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Education on the benefits of organ donation must be increased in order to understand that that donation can be one of the greatest ways to serve humanity.Cultivating organ donor awareness could be one of the most illustrious ways of sharing the gift of life.Therefore, the only way to save the person’s life is to replace the failed tissue or organ with a healthy one and hence the need for a healthy organ donation.
It is important to explore the negative effects of the shortage of organs, and how people can be persuaded to donate their organs after death.
There have been numerous gains made in organ transport technology in recent years, which have increased the number of eligible patients waiting for organs.
A deceased person can donate the above organs and organs, heart, liver and pancreas.
Other body parts that can be donated include tissues such as the skin and bone marrow, and blood and platelets. A person who is about to die because of organ failure is able to get a second chance at life due to the organ transplant.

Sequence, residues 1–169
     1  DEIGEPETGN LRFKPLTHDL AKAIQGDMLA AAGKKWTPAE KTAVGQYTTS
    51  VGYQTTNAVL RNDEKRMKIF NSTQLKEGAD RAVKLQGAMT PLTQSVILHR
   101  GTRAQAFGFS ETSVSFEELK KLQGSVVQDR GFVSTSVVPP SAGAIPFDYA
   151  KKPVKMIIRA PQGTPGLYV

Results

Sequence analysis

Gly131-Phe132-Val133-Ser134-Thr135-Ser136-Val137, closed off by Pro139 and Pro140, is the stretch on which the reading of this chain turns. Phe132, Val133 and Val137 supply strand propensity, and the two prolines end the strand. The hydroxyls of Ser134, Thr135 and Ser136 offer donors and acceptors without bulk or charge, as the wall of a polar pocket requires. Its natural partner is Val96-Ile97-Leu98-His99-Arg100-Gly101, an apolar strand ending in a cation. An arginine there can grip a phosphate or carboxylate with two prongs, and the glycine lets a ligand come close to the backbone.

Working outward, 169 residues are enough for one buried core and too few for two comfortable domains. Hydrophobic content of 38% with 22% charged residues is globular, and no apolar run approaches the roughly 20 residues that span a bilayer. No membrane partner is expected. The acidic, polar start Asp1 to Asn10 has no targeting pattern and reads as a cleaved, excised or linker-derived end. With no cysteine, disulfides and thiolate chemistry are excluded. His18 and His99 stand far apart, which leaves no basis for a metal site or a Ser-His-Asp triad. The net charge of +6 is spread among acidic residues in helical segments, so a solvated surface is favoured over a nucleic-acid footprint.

In a family setup, the donation improves the family ties.
Disclaimer: This work has been submitted by a student.Some of the organs that assist in saving lives are the heart and the liver.Another benefit with organ donation is in relation to the furthering of medicine through research.The person who donates his body part could be related or unrelated to the patient.A related person could be a child, a sibling or a parent.Some people donate their organs, as they approach their death, to medical institutions for purposes of research.With that research, experiments carried out help in finding new and better ways of treating conditions such as diabetes and cancer.This demonstrates the fact that the demand for organs outnumbers the supply; hence, an average of 20 people dies each day waiting for transplants. Department of Health Resources and Services Administration reported that as of March 31, 2008, the number of candidates awaiting an organ or tissue donation reached 98,634.Despite the numerous advances that have been made in medicine and technology, a critical shortage remains in the number of organ donors versus the demand for organs. Further, the number of transplants performed and the number of donors during the year 2007 was 28,354 and 14,395, respectively (Organ Transplants.org, 2008).These figures show that a great degree of effort is inevitable to educate the community on the importance and relevance of organ and tissue donations.The need for organs for transplantation and scientific study is constantly increasing.